In 2017, as high rates of physician burnout in the United States continued to cause concern, Stanford Medicine became the first academic medical center in the country to create a position of chief wellness officer.
In a new piece published in Health Affairs, Dean Lloyd Minor, MD, teamed with the first person to hold that job — Stanford professor Tait Shanafelt, MD — as well as numerous other physician leaders to define the role, discuss its importance and provide guidance on how a chief wellness officer can be integrated into a health system’s leadership.
“Health systems can no longer afford to ignore what has become a major public health issue,” the authors write about clinician burnout, adding that “unless there is a concerted focus on clinician well-being from the executive level, dramatic changes will not occur.”
Needless to say, burnout and depression of physicians, nurses and other providers can be unsafe for both the health workers and their patients. In addition to the moral imperative to improve clinicians' outlook, the authors make a business case for creating an environment in which everyone can thrive. They write:
Burnout and depression have been linked to increased medical errors, reduced quality of care, patient dissatisfaction, reduced productivity, and perhaps most costly, staff turnover. Findings from cost analyses indicate that, for every dollar invested in wellness, there is a $3 to $6 return on investment.
To create and maintain a culture of well-being, Minor and his colleagues write, health systems must consider clinician wellness as important as quality, informatics and data. In these and other areas, research has shown that top leaders play a key role in the success of health care innovations — an argument for including a chief wellness officer on the executive team alongside the chief quality officer and chief information officer.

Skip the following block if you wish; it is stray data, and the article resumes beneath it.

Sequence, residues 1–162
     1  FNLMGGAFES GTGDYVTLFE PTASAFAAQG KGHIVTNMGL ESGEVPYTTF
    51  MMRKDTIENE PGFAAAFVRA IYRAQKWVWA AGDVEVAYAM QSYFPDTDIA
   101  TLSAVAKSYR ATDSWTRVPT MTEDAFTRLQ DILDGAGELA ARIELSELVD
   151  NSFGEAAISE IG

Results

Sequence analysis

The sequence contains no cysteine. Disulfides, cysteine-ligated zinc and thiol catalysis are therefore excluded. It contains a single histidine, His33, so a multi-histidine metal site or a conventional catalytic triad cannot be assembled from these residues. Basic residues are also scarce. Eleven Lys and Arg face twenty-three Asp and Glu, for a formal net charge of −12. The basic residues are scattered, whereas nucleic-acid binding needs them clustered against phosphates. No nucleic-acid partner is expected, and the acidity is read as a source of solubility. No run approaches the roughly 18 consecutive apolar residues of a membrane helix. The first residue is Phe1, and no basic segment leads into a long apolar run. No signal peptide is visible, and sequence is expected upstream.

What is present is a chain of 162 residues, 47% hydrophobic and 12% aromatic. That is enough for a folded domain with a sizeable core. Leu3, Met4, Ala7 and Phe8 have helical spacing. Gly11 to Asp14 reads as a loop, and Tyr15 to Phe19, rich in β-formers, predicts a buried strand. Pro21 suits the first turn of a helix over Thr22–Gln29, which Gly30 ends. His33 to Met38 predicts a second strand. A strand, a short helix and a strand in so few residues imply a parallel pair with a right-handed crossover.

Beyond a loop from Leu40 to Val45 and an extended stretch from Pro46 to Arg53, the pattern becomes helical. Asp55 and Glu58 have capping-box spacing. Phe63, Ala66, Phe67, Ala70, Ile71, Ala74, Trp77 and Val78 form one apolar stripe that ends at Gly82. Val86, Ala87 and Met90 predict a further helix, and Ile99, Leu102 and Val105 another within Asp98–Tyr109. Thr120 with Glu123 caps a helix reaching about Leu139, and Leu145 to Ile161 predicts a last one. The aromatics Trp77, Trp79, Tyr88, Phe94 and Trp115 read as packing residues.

As a central and senior advocate, a chief wellness officer should have the authority to monitor conditions for clinicians, oversee evidence-based improvement efforts and influence cultural shifts, the physicians say. “At all times, the chief wellness officer’s function must extend beyond raising awareness to having the responsibility of improving the health and well-being of clinicians,” they write.
To clarify the role, the authors offer a model job description, complete with potential minimum requirements and specific responsibilities.
They conclude with a summary of their major points and a call to action:
Establishing an appropriately-resourced executive leadership position in the form of a chief wellness officer is not only an important signal to clinicians that their well-being is vital to their organization, but will also elevate programming and institutional focus, increase financing, and ensure a coordinated organizational approach to wellness culture.
It’s time to prioritize and tackle clinician burnout head-on.
Photo by Martin Brosy